By the way, some recommend leaving the vinegar on your hair all day after you soak, but that really isn't necessary (unless you like smelling like an Olive Garden salad). Just rinse it out, condition, and style as usual. You'll notice right away that your hair is sqeaky clean and shiny -- thanks to the vinegar removing all of the old gunk from product buildup. You can add a drop or two of jojoba oil to your wet hair before styling it if your hair feels too dry.

Also, I don't think you should be using tea tree oil full strength like that, it's very strong and could cause your scalp to be even more irritated. Olive oil is good for many things, but it might clog your hair follicles, so you may want to ease up on that as well.
posted by LuckySeven~ at 2:49 PM on June 21, 2009

This may sound idiotic, but you know those handbrushes at the barber shop? THe ones that are a 3" disk of plastic bristles, with a loop on back to place over a finger? Try massaging your scalp with one of those every day with your shampoo. Might be psychosomatic, but it seems to help me.
posted by notsnot at 3:38 PM on June 21, 2009

I'd like to piggyback on this question and ask how people have treated their skin for this condition? My forehead and temples are red, inflamed and feel mildly bumpy and greasy. I've been using elidel once a day which seems to help with the flaking. Does anyone have any remedies return the skin to a more normal texture/color?
posted by rglass at 4:19 PM on June 21, 2009

For the past few months, I've been alternating weekly between Head & Shoulders (with selenium as the active ingredient) and Selsun Blue (with salicylic acid as the active ingredient). This, as well as a second wash with a tea tree oil shampoo, seems to have worked well for me.
posted by chengjih at 4:39 PM on June 21, 2009

The current thought on the cause of most dandruff is that it's a fungus that is found naturally on most people's scalp that's gotten out of control

When you use dandruff shampoos, most of them are killing off a lot of the fungus. The problem is when you use them too often and only the fungus that are resistant survive and reproduce. You now have a bunch of super fungus that can come back much more quickly than normal which I think is what's happening to you.

There are a lot of ways to kill fungus. Shampoos with sulfur or zinc pyrithione help kill fungus. Same with shampoos with natural oils like tea tree. Cinnamon oil is killer but so harsh it will shock the roots of your hair and make it fall out much more than normal. I think Peppermint works too but not as well as tea tree. Even anti-bacterial soap will kill off the fungus if you leave it on long enough (over 3 minutes). Vinegar is also a fungicide. The main thing is to switch it up so you never have one kind of resistant super fungus build up.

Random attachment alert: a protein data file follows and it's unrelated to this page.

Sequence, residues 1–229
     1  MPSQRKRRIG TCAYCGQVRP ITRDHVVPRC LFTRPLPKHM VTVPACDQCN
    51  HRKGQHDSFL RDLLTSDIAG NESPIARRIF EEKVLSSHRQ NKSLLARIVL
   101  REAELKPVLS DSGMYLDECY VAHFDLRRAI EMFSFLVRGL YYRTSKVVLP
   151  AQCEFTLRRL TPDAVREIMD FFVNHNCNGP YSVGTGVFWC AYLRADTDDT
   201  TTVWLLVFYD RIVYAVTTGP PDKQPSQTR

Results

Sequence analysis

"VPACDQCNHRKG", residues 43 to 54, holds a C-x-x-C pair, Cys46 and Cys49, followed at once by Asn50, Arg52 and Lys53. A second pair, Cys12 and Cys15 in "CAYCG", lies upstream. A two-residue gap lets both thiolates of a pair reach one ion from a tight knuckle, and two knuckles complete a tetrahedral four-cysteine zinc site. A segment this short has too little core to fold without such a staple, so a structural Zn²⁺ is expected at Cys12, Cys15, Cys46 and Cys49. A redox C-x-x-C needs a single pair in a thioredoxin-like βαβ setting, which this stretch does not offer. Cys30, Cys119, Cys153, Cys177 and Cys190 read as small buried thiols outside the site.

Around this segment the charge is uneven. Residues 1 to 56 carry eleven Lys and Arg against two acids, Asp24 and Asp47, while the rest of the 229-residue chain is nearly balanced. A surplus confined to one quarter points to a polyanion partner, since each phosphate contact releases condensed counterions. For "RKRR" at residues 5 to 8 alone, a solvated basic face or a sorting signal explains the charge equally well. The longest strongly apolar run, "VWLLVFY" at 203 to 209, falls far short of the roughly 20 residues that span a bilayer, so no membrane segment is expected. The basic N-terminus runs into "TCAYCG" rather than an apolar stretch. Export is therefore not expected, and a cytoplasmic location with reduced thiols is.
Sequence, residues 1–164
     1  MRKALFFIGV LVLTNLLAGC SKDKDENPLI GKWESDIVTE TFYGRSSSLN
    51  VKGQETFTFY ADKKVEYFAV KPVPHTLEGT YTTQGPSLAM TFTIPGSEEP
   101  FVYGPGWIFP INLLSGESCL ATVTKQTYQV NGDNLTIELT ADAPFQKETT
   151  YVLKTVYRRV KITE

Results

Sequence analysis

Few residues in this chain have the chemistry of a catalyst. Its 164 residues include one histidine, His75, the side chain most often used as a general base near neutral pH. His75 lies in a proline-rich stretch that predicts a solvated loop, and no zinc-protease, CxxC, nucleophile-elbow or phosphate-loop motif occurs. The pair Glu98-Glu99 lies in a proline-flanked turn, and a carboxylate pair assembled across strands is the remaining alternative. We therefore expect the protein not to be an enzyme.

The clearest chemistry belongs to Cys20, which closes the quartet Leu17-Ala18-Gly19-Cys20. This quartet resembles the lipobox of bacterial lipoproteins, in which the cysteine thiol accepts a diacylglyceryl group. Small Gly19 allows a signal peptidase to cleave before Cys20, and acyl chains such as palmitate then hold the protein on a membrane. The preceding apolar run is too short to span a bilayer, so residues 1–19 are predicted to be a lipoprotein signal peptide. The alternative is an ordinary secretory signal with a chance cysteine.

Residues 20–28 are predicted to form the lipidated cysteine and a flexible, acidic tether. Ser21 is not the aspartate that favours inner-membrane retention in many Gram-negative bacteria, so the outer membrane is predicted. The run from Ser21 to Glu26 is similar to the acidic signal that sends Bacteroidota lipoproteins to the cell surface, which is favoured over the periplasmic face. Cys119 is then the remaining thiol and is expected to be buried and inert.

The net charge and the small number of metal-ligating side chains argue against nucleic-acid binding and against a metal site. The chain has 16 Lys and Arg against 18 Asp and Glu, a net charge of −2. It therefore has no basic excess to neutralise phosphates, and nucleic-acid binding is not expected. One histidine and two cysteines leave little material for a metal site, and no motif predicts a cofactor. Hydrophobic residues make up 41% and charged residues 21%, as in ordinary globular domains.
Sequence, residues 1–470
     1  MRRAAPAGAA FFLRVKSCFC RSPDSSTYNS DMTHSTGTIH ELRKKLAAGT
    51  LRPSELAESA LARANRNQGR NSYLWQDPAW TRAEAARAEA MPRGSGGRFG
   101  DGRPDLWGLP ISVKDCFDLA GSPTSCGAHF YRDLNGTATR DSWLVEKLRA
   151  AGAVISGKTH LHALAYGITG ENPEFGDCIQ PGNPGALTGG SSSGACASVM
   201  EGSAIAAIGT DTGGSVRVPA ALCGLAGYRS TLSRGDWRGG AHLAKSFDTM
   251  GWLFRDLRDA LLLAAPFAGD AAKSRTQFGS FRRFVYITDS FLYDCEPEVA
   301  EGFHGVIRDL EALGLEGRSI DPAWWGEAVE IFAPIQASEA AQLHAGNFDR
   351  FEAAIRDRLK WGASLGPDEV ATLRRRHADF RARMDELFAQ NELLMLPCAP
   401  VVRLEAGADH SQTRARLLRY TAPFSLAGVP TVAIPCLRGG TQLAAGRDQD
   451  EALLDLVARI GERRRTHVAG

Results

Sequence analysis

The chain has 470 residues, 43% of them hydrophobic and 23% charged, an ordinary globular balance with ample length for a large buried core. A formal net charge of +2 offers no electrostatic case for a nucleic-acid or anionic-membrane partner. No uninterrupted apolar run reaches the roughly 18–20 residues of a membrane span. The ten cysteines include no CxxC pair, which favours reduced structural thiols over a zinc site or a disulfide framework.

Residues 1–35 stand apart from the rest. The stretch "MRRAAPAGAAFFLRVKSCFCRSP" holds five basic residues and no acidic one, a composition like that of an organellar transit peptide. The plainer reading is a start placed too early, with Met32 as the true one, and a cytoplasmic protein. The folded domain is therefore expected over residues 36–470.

Try rotating shampoos that have fungicidal stuff in them, say tea tree oil for the first time. All the fungus sensitive to it dies but the more resistant fungus starts breeding. Shampoo the next day with one with zinc pyrithione which kills the tea tree oil resistant fungus. Then next time switch back to the tea tree oil shampoo to kill the zinc pyrithione resistant fungus. The trick is to rotate so you never have a bunch of super resistant fungus build up.

Anyway, this has really helped me. I went from having to use something every time I washed my hair to now just using something when it feels itchy. If it's as driving you as crazy as it sounds, I'd go all out and try the cinnamon oil a few times. Thinner hair wouldn't win out over being able to sleep without waking up from itching. You can buy a bottle of oil for around $5 at a health food store. I just pour some shampoo into my hand and carefully add one or two drops. Just don't use it two days in a row. I'd probably try to limit it to twice a week. Make sure to switch up what you use. Anything resistant to cinnamon oil would be hell to kill.
posted by stray thoughts at 4:38 AM on June 22, 2009 [1 favorite]

Background: I've had seborrheic dermatitis all my life too. The type where I could never wear my hair back (I'm a woman) because my scalp was caked in a thick layer of gunk, and I was way too embarrassed to risk showing it. (Yuck.) Using T-Gel helped cut down on the gunk to where it only covered part of my scalp, but like you, as soon as I went 24 hours without using it, the infernal itch returned. Nothing my doctor prescribed helped more than a month, and was too expensive to keep up for longer.

A few years ago, however, I was diagnosed with a gluten and casein intolerance. Once I stopped eating wheat and dairy, my scalp cleared up almost entirely -- almost. It was a very pleasant suprise. Do you possibly have a food allergy or intolerance?

For two years now my scalp has been entirely clear. The biggest change came when, as LuckySeven mentions, I started using shampoos without sulfates (sodium laureth sulfate being one of several that are often used). I didn't do it on purpose -- it was simply because I was in an organic store and found a delicious-smelling coconut shampoo that has, like, three ingredients. When my scalp cleared up a few weeks later and my stress levels hadn't changed, and I hadn't done anything else, I was overjoyed. I've continued to use similarly basic shampoos and my seborrhea has never returned.

I've had doctors mention the fungal aspect of it too. For info, jojoba oil has natural anti-fungal and anti-bacterial properties. As other commenters mentioned, you could try using a couple drops of it -- it doesn't take much. I use it (pure, single-ingredient jojoba oil) on my face and have beautiful skin now, whereas I had struggled with it all my life before.
posted by fraula at 5:14 AM on June 22, 2009 [1 favorite]

I suffered from seborrheic excema (behind my ears and so bad they'd bleed) from birth to my early 20s. I'd been to multiple specialists, you name it - I tried it. Nothing ever worked and I gave up.

Years later I went to the Doctor for an unrelated issue and asked him to take a look out of curiosity. He prescribed TOPICORT lotion. I used it as directed for just a few short months and it went away and never came back.

Yes, that's right I had it for 20+ years with no relief and a few months of Topicort made it disappear and never return.
posted by goml at 11:42 AM on June 22, 2009 [1 favorite]

WCityMike: "Ketoconazole."

That's Nizorol, which the OP mentioned already.
posted by radioamy at 7:07 PM on June 22, 2009